Economic sanctions are another type of punitive geo-economic measure, such as the tit-for-tat engaged in by Russia and the West, which indicates that some countries are ready to countenance a long period of economic hardship and diplomatic woe to achieve their political goals. The risk is thus significant that if the use of punitive geo-economic measures becomes more widespread, a growing number of countries may revert to protecting national producers and supply chains, which could considerably impact global trade flows. The economic effects of sanctions can include slow growth, unemployment and fiscal pressures. Taken together, the slowdown in globalization, the rise in protectionism and the increasing prevalence of sanctions could give rise to a scenario of slower growth in advanced and emerging economies. Slower growth in emerging economies could translate into social unrest and political instability if the aspirations of large portions of the population cannot be met.
The Increasing Risk to the Architecture of Global Governance
Much of the interplay between economic and geopolitical interests plays out not in the trade arena but in the Bretton Woods institutions. Countries’ inability to agree on an institutionalized, closer coordination of macroeconomic policies to reduce global imbalances provides an interesting example. Some observers see the failure to mitigate these imbalances, combined with the return of strategic competition in an era defined by an erosion of trust, as raising a tail-risk possibility of undermining the Bretton Woods institutions themselves and the international rule-based system more generally.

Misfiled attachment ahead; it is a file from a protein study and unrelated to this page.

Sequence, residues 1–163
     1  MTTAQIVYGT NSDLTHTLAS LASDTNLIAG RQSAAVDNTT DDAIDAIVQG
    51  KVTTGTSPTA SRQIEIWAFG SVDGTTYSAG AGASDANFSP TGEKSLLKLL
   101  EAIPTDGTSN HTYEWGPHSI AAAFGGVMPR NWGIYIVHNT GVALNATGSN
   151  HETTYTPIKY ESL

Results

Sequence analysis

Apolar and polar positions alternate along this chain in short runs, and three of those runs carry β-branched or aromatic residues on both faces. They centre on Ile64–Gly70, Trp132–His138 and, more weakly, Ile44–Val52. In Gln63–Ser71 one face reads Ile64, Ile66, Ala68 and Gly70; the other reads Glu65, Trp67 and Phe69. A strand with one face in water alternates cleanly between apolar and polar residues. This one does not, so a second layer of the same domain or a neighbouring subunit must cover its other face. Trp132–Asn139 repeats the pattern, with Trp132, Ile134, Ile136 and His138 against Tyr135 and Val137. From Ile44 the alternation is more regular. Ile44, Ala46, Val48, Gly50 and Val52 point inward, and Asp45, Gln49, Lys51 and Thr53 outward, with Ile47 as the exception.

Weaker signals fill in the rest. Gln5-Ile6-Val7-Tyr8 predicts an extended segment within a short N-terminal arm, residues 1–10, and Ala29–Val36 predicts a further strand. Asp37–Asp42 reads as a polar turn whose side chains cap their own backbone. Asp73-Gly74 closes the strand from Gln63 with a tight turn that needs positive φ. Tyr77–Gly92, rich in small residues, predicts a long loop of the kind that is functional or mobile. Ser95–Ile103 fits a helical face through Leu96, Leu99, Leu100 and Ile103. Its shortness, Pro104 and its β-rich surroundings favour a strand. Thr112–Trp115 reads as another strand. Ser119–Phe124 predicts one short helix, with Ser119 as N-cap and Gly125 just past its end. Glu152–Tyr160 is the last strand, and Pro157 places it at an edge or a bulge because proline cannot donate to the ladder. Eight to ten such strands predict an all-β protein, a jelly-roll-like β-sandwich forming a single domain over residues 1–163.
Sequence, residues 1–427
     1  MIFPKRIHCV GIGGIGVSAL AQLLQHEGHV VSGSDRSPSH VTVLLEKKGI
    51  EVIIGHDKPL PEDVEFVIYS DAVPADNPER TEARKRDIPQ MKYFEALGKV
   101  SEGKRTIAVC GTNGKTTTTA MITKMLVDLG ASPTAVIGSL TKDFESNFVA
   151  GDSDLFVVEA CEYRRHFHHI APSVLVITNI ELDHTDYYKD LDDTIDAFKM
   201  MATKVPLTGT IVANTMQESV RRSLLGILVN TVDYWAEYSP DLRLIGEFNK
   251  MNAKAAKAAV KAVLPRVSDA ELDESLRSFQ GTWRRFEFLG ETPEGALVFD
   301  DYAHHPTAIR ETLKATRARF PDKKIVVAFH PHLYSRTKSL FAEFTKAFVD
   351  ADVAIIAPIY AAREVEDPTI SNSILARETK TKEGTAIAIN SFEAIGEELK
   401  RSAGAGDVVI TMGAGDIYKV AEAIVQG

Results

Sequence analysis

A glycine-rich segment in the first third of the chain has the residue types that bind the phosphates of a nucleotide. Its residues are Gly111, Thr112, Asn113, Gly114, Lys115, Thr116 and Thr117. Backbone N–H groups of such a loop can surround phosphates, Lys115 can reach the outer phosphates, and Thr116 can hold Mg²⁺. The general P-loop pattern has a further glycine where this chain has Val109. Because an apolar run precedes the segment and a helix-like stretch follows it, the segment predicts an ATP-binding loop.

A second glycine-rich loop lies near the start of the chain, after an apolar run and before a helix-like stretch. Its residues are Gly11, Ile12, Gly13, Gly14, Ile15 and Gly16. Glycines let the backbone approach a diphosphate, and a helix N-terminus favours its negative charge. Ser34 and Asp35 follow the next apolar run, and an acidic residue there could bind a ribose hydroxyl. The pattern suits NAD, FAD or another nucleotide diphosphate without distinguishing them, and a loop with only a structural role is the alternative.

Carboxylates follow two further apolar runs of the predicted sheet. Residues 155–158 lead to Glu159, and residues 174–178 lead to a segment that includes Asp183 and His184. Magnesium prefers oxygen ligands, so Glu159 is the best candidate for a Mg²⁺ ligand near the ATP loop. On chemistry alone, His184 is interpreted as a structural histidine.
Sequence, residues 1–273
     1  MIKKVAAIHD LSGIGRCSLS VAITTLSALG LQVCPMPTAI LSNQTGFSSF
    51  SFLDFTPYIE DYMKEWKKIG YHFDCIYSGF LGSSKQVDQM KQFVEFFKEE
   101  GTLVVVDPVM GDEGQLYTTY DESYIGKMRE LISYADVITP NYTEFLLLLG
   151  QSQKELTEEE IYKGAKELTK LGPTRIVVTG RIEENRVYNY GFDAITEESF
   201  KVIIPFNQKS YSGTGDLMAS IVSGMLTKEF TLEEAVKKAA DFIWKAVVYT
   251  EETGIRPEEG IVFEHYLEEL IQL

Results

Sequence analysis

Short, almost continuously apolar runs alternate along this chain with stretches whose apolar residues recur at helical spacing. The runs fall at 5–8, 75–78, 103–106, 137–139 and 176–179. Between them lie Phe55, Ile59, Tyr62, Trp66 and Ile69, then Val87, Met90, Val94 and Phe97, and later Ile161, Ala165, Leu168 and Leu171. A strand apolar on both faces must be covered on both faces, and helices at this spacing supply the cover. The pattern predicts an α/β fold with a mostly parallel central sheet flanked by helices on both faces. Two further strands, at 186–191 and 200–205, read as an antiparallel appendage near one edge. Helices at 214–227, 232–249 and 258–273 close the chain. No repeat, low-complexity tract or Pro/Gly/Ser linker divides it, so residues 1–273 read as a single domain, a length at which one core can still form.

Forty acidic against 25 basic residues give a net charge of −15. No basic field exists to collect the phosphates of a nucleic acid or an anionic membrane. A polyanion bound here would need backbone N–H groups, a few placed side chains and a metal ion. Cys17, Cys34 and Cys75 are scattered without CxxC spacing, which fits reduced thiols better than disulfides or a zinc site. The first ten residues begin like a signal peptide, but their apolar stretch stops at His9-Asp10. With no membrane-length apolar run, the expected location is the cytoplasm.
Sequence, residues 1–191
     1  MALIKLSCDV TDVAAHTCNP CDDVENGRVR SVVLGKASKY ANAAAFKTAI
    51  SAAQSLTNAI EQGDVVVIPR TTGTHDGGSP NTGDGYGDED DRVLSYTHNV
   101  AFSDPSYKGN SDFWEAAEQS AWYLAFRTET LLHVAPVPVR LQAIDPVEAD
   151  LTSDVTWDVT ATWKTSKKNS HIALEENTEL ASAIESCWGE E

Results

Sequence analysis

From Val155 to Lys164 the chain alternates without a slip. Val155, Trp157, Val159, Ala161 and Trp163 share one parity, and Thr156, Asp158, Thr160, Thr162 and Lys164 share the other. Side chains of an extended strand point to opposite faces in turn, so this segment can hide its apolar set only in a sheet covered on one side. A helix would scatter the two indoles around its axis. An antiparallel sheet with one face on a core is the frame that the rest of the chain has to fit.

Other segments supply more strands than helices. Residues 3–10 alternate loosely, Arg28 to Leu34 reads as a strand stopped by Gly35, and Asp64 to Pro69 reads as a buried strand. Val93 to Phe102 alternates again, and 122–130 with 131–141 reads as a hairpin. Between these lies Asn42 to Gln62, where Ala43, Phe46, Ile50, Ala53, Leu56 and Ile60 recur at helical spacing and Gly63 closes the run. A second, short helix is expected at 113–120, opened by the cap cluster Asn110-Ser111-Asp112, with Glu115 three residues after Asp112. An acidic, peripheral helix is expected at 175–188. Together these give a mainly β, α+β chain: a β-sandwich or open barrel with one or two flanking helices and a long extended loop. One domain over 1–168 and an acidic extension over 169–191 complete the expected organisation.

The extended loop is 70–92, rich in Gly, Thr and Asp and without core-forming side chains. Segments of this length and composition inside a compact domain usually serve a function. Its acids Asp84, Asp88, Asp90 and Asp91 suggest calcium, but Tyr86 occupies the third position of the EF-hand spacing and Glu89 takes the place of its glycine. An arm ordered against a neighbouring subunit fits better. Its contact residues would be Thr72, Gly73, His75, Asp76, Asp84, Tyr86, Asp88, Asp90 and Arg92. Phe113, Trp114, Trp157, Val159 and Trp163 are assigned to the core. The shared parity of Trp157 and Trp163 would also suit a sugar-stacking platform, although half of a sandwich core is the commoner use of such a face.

These developments are reflected in the recent alternative structures being established by selected countries. Brazil, Russia, India and China in 2014 set up the New Development Bank, the so-called BRICs Bank, which is intended to lend up to $34 billion globally, particularly for infrastructure projects. In the same year, together with 20 other countries, China created the Asian Infrastructure Investment Bank for the Asia-Pacific region. Much as a retreat from global multilateralism is worrisome, stronger regional multilateralism is not necessarily a bad thing, as regional solutions to regional problems can be consistent with global governance structures. As already noted, although economic integration is not often explicitly targeted, it binds nations more closely together politically. Some observers see the current push for RCEP as a means to restore trust in Asia, stabilize security situations and find solutions at a regional level to other ongoing problems.
Some observers also see the TPP and TTIP as the last chance for the United States and Europe to bring many developing countries into alignment with a liberal economic institutional framework by creating a domestic market big enough to be able to set the rules in the global economy – an implicit recognition that current global governance institutions are no longer functioning effectively enough to achieve this goal. Yet, increasingly, negotiating countries question the benefits of these mega regional agreements.
Any weakening of global governance could weaken collective resilience to global risks, which respect no national borders and require multilateral responses. These include climate change, where an inability to agree on carbon reductions could result in rising sea levels, more frequent storms and stress to water supplies; migration flows, where pressures on societies and resources could result in conflict; and Internet governance, where a tendency towards fragmentation can already be observed through some large economies’ efforts to put into place measures to protect their national networks. Should a global governance solution to the Internet not be found, further fragmentation could significantly reduce the benefits of communication and information networks that the world has come to take for granted.
What Can Be Done?
At a time of highly interconnected challenges that can only be addressed through global cooperation, reducing the barriers to international collaboration is crucial, as no collaboration is the worst possible outcome. What can stakeholders do to strengthen international collaboration and to reduce the risk of negative effects of geo-economic measures?